A former Alabama judge who is an outspoken opponent of gay marriage is plotting a presidential campaign.
Former Judge Roy Moore gained national attention when he refused to remove the “Ten Commandments” monument he erected in Alabama’s Supreme Court. He was removed from office in 2003 by a judicial ethics panel. It’s a group Moore says was “ignorant” of his constitutional right “to acknowledge God.” Moore lost two attempts to be the Republican Party’s nominee for governor in Alabama in 2006 and 2010. Now, Moore has his sights set on higher office.
“I’ve been asked by many people, for years, about running for president and I have not done so,” Moore said during an interview with Radio Iowa and The Des Moines Register. “I think that it’s time to explore that possibility.”
Moore, who is 64 years old, is in the midst of a six-day tour of Iowa, the state that hosts the kick-off event of the presidential campaign. This is Moore’s fourth visit to Iowa since last summer, when he was part of the campaign to oust three of the justices on the Iowa Supreme Court who joined the court’s unanimous opinion on gay marriage. Moore considers the Iowans who voted those justices off the bench to be a potential base of support.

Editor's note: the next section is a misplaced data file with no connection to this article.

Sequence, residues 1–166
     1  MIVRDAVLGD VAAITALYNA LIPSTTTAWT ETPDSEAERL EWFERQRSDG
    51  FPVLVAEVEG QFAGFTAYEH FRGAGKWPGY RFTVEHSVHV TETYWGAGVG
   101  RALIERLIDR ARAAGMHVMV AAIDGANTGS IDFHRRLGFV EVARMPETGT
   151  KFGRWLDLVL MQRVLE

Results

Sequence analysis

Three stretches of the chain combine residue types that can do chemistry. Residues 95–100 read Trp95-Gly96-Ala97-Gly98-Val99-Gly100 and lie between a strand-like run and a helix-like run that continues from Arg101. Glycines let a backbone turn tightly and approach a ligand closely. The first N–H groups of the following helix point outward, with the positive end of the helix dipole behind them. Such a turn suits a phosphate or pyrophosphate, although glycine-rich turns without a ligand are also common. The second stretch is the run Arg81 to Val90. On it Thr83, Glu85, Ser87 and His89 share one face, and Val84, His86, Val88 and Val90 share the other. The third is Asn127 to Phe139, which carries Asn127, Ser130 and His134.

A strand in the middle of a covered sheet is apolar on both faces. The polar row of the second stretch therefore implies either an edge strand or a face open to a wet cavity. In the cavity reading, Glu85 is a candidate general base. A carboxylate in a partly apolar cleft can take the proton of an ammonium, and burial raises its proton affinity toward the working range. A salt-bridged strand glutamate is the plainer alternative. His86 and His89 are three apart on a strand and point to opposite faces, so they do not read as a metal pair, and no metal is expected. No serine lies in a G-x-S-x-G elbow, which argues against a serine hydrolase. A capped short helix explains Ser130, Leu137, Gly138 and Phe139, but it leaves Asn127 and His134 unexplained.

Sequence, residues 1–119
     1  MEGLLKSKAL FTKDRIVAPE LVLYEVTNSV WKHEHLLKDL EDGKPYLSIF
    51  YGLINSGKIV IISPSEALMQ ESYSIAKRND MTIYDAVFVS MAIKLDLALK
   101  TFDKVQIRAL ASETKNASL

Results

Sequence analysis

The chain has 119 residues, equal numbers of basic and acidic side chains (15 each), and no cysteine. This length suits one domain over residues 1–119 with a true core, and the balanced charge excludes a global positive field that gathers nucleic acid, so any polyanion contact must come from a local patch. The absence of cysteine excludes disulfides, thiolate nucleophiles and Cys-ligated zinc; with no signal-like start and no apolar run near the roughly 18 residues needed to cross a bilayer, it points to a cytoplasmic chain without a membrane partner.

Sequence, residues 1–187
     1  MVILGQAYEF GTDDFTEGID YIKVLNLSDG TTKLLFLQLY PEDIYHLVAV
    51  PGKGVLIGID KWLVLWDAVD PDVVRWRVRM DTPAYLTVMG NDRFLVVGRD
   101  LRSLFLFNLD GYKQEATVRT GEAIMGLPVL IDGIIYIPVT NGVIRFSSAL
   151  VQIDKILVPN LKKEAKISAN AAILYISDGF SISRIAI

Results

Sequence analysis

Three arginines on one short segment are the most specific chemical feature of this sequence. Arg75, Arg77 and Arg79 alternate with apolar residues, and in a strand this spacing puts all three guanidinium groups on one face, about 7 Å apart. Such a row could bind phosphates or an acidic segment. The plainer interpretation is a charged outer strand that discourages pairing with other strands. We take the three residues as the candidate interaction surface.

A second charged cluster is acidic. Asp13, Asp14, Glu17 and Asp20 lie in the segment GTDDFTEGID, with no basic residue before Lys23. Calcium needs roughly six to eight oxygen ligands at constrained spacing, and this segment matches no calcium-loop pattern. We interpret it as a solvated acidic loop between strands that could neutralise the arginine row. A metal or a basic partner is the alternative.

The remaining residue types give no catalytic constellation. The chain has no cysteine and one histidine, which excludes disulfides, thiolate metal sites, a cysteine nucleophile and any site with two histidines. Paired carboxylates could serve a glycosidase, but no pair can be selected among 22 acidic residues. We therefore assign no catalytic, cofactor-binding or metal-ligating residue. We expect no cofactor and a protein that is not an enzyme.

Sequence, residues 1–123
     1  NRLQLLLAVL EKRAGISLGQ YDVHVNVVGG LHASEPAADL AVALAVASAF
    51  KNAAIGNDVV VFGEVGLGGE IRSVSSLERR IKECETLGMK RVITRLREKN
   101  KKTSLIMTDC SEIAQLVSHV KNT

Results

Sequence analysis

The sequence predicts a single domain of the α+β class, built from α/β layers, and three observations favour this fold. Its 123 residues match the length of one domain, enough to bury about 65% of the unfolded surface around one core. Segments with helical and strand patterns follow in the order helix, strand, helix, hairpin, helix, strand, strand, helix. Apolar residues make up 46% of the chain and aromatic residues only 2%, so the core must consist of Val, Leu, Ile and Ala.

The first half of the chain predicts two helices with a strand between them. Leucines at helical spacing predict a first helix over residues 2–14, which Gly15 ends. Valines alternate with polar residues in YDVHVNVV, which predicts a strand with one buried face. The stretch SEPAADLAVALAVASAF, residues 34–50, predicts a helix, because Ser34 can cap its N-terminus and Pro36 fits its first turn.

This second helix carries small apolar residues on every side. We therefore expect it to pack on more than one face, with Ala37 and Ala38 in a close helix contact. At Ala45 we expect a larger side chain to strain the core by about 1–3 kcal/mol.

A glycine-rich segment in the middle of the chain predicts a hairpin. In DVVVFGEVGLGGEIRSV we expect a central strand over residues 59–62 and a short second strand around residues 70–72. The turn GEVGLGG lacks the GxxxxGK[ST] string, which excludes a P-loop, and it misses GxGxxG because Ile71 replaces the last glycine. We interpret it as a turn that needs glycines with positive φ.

“This is a natural group of people who want to stand for family values, want to stand for something that’s so common sense it defies imagination: marriage between one man and one woman,” Moore said.
Moore, a graduate of West Point who served in Vietnam, opposes the Obama Administration’s decision to undue the “Don’t Ask, Don’t Tell” policy and allow openly gay and lesbian soldiers to serve in the military.
“I’ve served throughout the continental United States, Europe, Southeast Asia. I know that homosexuality is not condusive to the military mission and I have no qualms about that,” Moore said. “I’ve seen it and felt it and experienced it and we’ve got to wake up to reality. Common sense dictates this.”
Moore is the president of The Foundation for Moral law and his group has filed a brief with the U.S. Supreme Court which supports the federal “Defense of Marriage Act” which is being challenged in the federal courts.
Danny Carroll, a former state legislator from Grinnell, co-chaired former Arkansas Governor Mike Huckabee’s Iowa Caucus campaign in 2008, but Carroll said today that Moore is “my man” for 2012.
“What impresses me and a lot of other people that we talk to (is) you hear a lot of people talk about the courage of their convictions, seldom do you find someone who is willing to sacrifice their position because he was asked by a higher authority to no longer acknowledge God,” Carroll said. “…He has demonstrated, in real life actions, the courage of his convictions.”
Carroll, who is volunteering his time to Moore this week, escorted the former judge to Tea Party rallies in Spencer and Sheldon on Saturday. Moore made a public appearance at a coffeehouse in Oskaloosa this afternoon. Moore is scheduled to make a public appearance in Jefferson tomorrow. On Thursday, Moore will make public stops in Sioux City, Orange City and Council Bluffs.